6. Banskota AH, Nagaoka T, Sumioka LY, Tezuka Y, Awale S, Midorikawa K, et al. Antiproliferative activity of the Netherlands propolis and its active principles in cancer cell lines. J Ethnopharmacol. 2002;80:67–73. doi: https://doi.org/10.1016/s0378-8741(02)00022-3

7. Hasegawa T, Bai J, Dai J, Bai L, Sakai J, Nishizawa S, et al. Synthesis and structure-activity relationships of taxuyunnanine C derivatives as multidrug resistance modulator in MDR cancer cells. Bioorg Med Chem Lett. 2007;17:3722–8. doi: https://doi.org/10.1016/j.bmcl.2007.04.030

8. Atsumi T, Sanjiki T, Kiyohara T. Imidazole derivatives, their preparation and their pharmaceutical compositions. European Patent EP. 0075629. 1983. Available from: https://patents.google.com/patent/EP0194984A1/en

9. Cozzi P, Beria I, Biasoli G, Caldarelli M, Capolongo L, Geroni C, et al. Novel phenyl nitrogen mustard and half-mustard derivatives of distamycin A. Bioorg Med Chem Lett. 1997;7:2985–90. doi: https://doi.org/10.1016/S0960-894X(97)10121-4

10. Boger DL, Johnson DS, Yun W. (+)- and ent-(-)- Duocarmycin SA and (+)- and ent-(-)-NBoc- DSA DNA alkylation properties. Alkylation site models that accommodate the offset AT-rich adenine N3 alkylation selectivity of the enantiomeric agents. Am Chem Soc. 1994;116:1635–56. doi: https://doi.org/10.1021/ja00084a004

11. Pardin C, Roy I, Chica RA, Bonneil E, Thibault P, Lubell WD, et al. Photolabeling of tissue transglutaminase reveals the binding mode of potent cinnamoyl inhibitors. Biochemistry.2009;48:3346–53. doi: https://doi.org/10.1021/bi802021c

12. Levistzki A, Willingham M, Pastan IH. Evidence for participation of transglutaminase in receptor-mediated endocytosis. Proc Natl Acad Sci USA. 1980;77:2706–10. doi: https://doi.org/10.1073/pnas.77.5.2706

13. Chang S, Yin SL, Wang J, Jing YK, Dong JH. Design and synthesis of novel 2-phenylaminopyrimidine (PAP) derivatives and their antiproliferative effects in human chronic myeloid leukemia cells. Molecules. 2009;14:4166–79. doi: https://doi.org/10.3390/molecules14104166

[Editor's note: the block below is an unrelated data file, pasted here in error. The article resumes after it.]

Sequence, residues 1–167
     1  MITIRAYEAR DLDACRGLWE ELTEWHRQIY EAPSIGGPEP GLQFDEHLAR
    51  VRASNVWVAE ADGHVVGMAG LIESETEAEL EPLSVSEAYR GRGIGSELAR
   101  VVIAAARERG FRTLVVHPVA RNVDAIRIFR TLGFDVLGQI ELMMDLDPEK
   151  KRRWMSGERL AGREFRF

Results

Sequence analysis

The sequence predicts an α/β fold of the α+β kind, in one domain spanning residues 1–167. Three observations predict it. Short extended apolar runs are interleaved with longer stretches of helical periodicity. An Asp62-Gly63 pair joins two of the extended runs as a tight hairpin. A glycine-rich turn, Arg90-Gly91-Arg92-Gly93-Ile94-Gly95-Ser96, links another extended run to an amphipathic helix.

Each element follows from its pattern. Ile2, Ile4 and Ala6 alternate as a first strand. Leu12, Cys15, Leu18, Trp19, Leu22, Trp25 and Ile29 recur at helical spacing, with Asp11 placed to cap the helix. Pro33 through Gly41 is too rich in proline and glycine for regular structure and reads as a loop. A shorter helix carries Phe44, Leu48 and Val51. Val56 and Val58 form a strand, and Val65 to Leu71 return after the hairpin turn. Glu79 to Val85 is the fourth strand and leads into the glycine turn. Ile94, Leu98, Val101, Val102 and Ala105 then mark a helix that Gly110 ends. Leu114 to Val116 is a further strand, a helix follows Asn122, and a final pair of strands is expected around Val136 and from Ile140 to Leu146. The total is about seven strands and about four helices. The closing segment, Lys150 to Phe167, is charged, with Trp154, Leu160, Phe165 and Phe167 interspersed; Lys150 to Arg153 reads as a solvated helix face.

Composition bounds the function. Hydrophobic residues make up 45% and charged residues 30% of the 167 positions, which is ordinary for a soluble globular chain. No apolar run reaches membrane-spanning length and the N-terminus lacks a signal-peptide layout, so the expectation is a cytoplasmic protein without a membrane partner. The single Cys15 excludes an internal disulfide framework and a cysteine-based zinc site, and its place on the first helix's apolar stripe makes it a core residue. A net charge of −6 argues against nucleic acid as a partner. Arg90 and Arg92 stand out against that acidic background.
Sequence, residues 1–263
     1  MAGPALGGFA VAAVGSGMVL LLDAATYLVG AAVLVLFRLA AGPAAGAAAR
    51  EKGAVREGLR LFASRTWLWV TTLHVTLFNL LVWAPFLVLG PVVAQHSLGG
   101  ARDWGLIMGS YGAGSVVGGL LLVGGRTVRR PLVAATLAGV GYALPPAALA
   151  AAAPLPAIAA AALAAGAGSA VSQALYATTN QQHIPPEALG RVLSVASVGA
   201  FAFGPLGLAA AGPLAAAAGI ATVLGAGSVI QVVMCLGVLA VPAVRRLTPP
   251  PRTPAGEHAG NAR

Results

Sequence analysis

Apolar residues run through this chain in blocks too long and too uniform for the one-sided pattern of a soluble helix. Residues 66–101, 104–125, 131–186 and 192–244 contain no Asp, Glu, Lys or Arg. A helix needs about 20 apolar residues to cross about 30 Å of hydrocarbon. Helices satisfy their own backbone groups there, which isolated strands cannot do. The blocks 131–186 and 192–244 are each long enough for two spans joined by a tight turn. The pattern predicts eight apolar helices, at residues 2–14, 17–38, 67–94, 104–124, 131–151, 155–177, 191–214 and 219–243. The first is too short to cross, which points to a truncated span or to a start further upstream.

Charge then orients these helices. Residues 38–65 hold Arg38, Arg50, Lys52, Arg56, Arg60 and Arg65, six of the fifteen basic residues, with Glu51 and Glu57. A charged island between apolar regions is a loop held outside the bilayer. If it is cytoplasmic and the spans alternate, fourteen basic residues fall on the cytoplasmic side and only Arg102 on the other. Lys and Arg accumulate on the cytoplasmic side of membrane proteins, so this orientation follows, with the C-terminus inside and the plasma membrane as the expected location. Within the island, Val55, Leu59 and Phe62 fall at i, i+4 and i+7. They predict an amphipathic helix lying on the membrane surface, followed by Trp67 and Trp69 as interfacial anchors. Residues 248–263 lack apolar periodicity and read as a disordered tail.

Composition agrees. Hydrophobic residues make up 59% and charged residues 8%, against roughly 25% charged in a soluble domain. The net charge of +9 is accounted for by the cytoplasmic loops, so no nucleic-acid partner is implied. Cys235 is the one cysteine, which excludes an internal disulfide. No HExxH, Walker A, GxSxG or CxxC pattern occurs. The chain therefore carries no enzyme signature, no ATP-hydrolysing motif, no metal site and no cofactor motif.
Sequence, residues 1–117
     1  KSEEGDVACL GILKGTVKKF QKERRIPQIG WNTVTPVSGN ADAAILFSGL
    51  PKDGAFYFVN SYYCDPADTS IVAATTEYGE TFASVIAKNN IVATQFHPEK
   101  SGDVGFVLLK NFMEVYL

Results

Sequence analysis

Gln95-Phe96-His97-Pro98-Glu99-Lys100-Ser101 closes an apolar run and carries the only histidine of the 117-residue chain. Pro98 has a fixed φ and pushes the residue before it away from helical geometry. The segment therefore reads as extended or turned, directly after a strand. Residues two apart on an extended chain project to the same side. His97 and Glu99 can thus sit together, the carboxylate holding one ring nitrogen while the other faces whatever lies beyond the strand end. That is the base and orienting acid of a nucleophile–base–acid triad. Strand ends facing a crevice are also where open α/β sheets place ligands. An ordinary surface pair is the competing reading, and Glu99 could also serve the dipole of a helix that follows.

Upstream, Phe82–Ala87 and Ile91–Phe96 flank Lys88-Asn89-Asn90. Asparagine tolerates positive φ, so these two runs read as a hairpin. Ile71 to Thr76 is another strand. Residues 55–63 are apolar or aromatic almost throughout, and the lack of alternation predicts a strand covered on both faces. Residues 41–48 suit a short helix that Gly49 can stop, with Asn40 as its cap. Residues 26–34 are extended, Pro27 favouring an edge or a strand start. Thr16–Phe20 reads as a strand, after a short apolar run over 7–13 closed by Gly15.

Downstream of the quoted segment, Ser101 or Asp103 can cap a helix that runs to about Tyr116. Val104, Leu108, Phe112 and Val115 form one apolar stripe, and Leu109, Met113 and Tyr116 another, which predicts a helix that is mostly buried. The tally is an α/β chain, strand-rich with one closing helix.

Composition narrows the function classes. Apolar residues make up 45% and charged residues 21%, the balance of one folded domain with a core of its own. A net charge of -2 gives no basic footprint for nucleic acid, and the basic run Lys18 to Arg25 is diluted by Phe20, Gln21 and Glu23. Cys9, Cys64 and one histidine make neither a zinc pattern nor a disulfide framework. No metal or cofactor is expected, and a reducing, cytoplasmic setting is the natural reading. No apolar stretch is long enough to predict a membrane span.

14. Srivastava V, Srivastava AM, Tiwari AK, Srivastava R, Sharma R, Sharma H, et al. Disubstituted 4(3H) quinazolones: a novel class of antitumor agents. Chem Biol Drug. 2009;74:297–301. doi: https://doi.org/10.1111/j.1747-0285.2009.00850.x

15. Liu Y, Shang L, Fang H, Zhu H, Mua J, Wang Q, et al. Design, synthesis, and preliminary studies of the activity of novel derivatives of N-cinnamoyl-l-aspartic acid as inhibitors of aminopeptidase N/CD13. Bioorg Med Chem. 2009;17:7398–404. doi: https://doi.org/10.1016/j.bmc.2009.07.014

16. De P, Baltas M, Lamoral-Theys D, Bruyere C, Kiss R, Bedos-Belval F, et al. Synthesis and anticancer activity evaluation of 2(4-alkoxy phenyl) cyclo propyl hydrazides and triazolo phthala zines. Bioorg Med Chem Lett. 2010;18:2537–48. doi: https://doi.org/10.1016/j.bmc.2010.02.041

17. Guo Z. The modification of natural products for medical use. Acta Pharm Sin B. 2017;7:119–36. doi: https://doi.org/10.1016/j.apsb.2016.06.003

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19. Shi ZH, Li NG, Shi QP, Tang Y, Tang YP, Li W, et al. Synthesis and structure-activity relationship analysis of caffeic acid amides as selective matrix metallo proteinase inhibitors. Bioorg Med Chem Lett. 2013;23:1206–11. doi: https://doi.org/10.1016/j.bmcl.2013.01.027

20. Paramvir S, Ajmer S, Grewal DP, Viney L. Synthesis and evaluation of a series of caffeic acid derivatives as anticancer agents. Future J Pharm Sci. 2018;4:124–30. doi: https://doi.org/10.2174/1871520616666160802113620

21. Ernawati T. Penapisan virtual senyawa turunan metil sinamat terhadap enzim siklooksigenase-2 (COX-2). J Kim Terap Indones. 2012;14(2):66–70. doi: https://doi.org/10.14203/jkti.v14i2.350

22. Ernawati T, Anita Y, Lotulung PD, Hanafi M. Synthesis of methyl 2-cinnamamido-3-hydroxy propanoate having activity against P388 leukemia cells. J App Pharm Sci. 2014;4(3):92–5. doi: https://doi.org/10.7324/JAPS.2014.40318

23. Ernawati T, Muním A, Hanafi M, Yanuar A. Synthesis of cinnanamide derivatives and their α-glucosidase inhibitory activities. Sains Malays. 2020;49(2):93–100. doi: https://doi.org/10.17576/jsm-2020-4902-09